We know that sometimes in the development sector we have a tendency to use jargon. This quick glossary gives short definitions of some of the more technical terms on our website.
The agenda agreed at a 2015 United Nations’ Conference on Financing for Development set out how nations should aim to pay for an ambitious plan to end poverty, ensure equality and achieve sustainable development.
The UK government department responsible for administering overseas aid, often known publicly as ‘UK aid’.
Find out more: DFID website
The European Commission’s Development Education and Awareness Raising Programme, DEAR, supports projects that engage the European Union public in worldwide issues of social, economic and environmental development. DEAR works with civil society organisations and local authorities to promote universal values of freedom, democracy and the rule of law.
EU DEAR fund the Citizens for Financial Justice platform.
Find out more: DEAR website
Extractivism is a highly destructive model of economic development based on the intensive extraction of finite natural resources such as metals, minerals, fossil fuels, land and water. It is a model through which the economy, social relations of class, race and gender, state policy and public discourse are organised.
Its implementation often relies on the exploitation and displacement of local communities, mainly in the global South, to produce raw materials for production and profit, mostly by corporations in the global North. While extractivism is presented as the only road to ‘economic development’, in practice it serves as a means to plunder the global South, contributing to climate change, inequality and human rights violations.
Related reports: War on Want – The Rivers are Bleeding
The approach taken by the UN and public development banks, as outlined by the Addis Agenda, which signals the shift from ‘funding’ to ‘financing’ to implement development objectives such as the Sustainable Development Goals (SDGs). [LINK TO SDGS IN GLOSSARY].
In other words, the mechanisms used to generate the capital needed to deliver the SDGs should now go beyond international aid (also referred to collectively as Official Development Assistance or ODA), to include finance available from governments directly and through private sector investment.
FfD can include the mobilisation of domestic resources (such as tax revenues), international financial resources (such as Official Development Assistance (ODA) and other international public flows), harnessing the role of the private sector in financing development, maximising the use of innovative financing sources and mechanisms, increasing trade capacity and investment to create jobs and drive economic growth and promoting debt sustainability.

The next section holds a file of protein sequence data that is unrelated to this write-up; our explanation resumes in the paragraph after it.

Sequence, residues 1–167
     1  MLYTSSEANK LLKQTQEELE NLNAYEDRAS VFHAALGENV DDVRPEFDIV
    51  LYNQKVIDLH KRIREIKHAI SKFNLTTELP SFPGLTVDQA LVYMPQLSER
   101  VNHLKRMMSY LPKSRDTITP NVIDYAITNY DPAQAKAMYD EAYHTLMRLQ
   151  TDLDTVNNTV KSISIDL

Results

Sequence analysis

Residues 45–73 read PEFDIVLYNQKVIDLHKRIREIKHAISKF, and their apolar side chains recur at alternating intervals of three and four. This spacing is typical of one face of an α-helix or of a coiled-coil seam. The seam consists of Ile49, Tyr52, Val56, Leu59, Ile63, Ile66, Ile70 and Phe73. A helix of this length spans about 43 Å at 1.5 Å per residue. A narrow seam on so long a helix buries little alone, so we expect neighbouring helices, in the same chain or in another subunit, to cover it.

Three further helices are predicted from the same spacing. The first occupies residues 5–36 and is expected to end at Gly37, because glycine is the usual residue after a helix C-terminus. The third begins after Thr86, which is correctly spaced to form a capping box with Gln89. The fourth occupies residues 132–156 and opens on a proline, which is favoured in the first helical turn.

How financing for development began:
The Sustainable Development Goals were adopted by 193 member states at the UN in 2015. However, there was a challenge to identify how developing countries would find the money to fund the projects and infrastructure needed.
In July 2015, the Addis Ababa Action Agenda (AAAA) on Financing for Development (FfD) was agreed by the United Nations (UN), formally signalling the shift from ‘funding’ to ‘financing’ to implement the goals.
The UN Conference on Trade and Development (UNCTAD) has estimated that the ‘gap’ in finance needed to achieve the SDGs in developing countries amounts to US$2.5 trillion.
The intergovernmental Financing for Development Forum takes place in April each year, bringing together senior officials from governments, intergovernmental bodies, as well as recognised stakeholders from civil society and the private sector to discuss policy, progress and action on financing the SDGs.
The outcome document of the FfD Forum and the annual monitoring report prepared by the Inter-Agency Task Force (IATF) on Financing for Development are fed-back into the High-level Political Forum on Sustainable Development, at which the progress of implementing the 2030 Agenda is reviewed.
Related reports: World Bank strategy for ‘Maximizing Finance for Development’
The term ‘Global South’ refers broadly to developing countries. These nations are often described as newly industrialised or in the process of industrialising.
It is based on the fact that industrially developed countries (with the exception of Australia and New Zealand) lie to the north of developing countries. The term does not imply that all developing countries are similar and can be lumped together in one category.
The International Monetary Fund (IMF) works to is to ensure monetary stability around the world. It comprises 189 member countries who work together to foster global monetary cooperation, secure financial stability, facilitate international trade, promote high employment and sustainable economic growth, and reduce poverty around the world.
The IMF has faced heavy criticism from many organisations, including Citizens for Financial Justice partners, largely because of the intrusive conditions [LINK TO ‘LOAN CONDITIONALITY’] they put on loans to developing nations.